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Bush twins set to join US election campaign
Updated: 2004-06-17 13:50

Jenna is the blonde and Barbara the brunette and the world could soon be seeing a lot more of the daughters of President George W. Bush in his new battle for the White House.

Jenna Bush (2ndL) and her twin sister Barbara (R) with their grandparents former president George Bush (2nd L) and first lady Barbara Bush (L). [AFP]
Since Bush's first election win in 2000, the 22-year-old twins have been largely shielded from the media glare -- apart from some brushes with the law in 2001 because of under-age drinking.

But after graduating from different universities, Jenna and Barbara are now travelling in Europe. Jenna took part in a religious pilgrimage in Spain, walking up to 30 kilometers (20 miles) a day on the way to Santiago de Compostela.

Last Thursday one of her secret service guards tackled a thief who was trying to take a portable phone on a restaurant table in the southern resort of Tarifa where Jenna and four friends were eating.

They will find out on their return what role they will play in the Republican campaign for the November 2 election.

"I expect them to join their father's campaign sometime at the end of the summer, but in an unknown capacity at this point," said Gordon Johndroe, a spokesman for the president's wife, Laura Bush.

The president and his wife have both made it known that they want to protect their daughters from the pressures of the presidential term on the incumbent's family.

Jenna and Barbara have made only rare public appearances and the White House has refused to answer questions about them.

Apart from a few photos, the media only discovered the daughters in 2001 when Jenna, then 19, was arrested twice in two months for underage drinking. The second time she was with her sister.

While the pair became the butt of chat show jokes, there was also some sympathy for their plight.

"You need to have a pretty hard heart to believe that a 19-year-old woman deserves to be reported to the police and punished by a court -- not to mention nationally humiliated and publicly psychoanalyzed -- for ordering a margarita," said a Wall Street Journal editorial at the time.

In March, a provocative photograph of Barbara dancing in a nightclub with her legs wrapped around Fabian Basabe, the son of a wealthy Ecuadoran businessman, was plastered on the front page of the New York Daily News tabloid.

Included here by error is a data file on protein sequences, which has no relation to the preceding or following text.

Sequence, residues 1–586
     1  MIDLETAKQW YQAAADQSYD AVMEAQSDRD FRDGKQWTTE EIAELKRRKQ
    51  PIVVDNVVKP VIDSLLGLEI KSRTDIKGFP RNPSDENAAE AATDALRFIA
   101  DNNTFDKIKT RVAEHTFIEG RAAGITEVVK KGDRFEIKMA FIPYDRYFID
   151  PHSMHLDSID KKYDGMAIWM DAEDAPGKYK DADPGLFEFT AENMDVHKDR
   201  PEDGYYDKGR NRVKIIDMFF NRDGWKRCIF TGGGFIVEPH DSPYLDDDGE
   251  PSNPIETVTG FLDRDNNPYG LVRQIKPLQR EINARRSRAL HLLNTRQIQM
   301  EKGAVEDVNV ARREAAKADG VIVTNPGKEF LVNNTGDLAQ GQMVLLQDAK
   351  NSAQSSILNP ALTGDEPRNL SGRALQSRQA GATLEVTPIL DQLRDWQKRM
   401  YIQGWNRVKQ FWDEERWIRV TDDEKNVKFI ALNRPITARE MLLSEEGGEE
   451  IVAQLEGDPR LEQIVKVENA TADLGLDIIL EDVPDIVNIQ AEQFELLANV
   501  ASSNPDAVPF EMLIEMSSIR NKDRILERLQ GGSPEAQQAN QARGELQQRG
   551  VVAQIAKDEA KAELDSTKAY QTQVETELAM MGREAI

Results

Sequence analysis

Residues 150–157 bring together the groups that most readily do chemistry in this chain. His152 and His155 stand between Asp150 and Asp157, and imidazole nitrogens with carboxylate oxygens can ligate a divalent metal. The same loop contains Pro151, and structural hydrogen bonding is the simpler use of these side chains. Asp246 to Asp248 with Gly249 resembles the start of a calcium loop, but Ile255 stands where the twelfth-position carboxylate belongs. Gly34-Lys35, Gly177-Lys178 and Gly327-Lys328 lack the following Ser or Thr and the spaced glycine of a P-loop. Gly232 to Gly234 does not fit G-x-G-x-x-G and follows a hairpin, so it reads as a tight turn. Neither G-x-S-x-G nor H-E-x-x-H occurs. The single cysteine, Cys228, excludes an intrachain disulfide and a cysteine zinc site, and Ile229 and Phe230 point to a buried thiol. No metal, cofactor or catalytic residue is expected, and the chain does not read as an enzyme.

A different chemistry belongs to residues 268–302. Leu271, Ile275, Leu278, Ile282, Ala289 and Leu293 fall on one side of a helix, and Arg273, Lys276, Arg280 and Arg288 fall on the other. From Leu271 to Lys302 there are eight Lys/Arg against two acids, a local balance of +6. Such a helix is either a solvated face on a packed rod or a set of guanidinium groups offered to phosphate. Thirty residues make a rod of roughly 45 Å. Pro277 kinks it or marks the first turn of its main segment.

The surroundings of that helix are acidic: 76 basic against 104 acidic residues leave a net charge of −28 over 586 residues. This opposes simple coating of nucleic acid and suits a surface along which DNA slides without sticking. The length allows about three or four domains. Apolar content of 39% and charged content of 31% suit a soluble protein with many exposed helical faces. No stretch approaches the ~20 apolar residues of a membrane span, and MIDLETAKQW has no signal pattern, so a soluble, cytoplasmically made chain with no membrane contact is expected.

But the "coming out" of the sisters, has been kept under wraps because of the White House's media shield around the young women.

"We hope that the media will continue to show respect for the daughters and allow them to go about their lives," said White House spokesman Scott McClellan last month.

But he added that "the daughters have also expressed a strong interest in helping the president on his reelection."

Jenna and Barbara have posed for fashion photographs in Vogue which the magazine says will hit the stands in August.

Both People and Time magazines have dedicated articles to the sisters in recent weeks.

"The usual rule is you keep the kids out of the media, out of the political spotlight until they are adults," said Allan Lichtman, a political science professor at American University in Washington.

But he added, "They are now adults and fully able and ready to participate in politics. The media is not going to keep their hands off them anymore."

Neither of the twins has expressed interest in running for public office so far.

Jenna who graduated with a degree in literature from the University of Texas, is pursuing a career in teaching, said Johndroe.

Barbara who graduated from the prestigious Yale University, where her presidential father and grandfather, George H.W. Bush, studied, will work in a program to fight against AIDS in Africa and Europe.

But some have suggested the girls take another path.

A recent editorial in the Hartford Courant said the president should encourage his daughters to enlist in the military as a way to prove that he is serious about fighting the war on terror. The White House did not comment.

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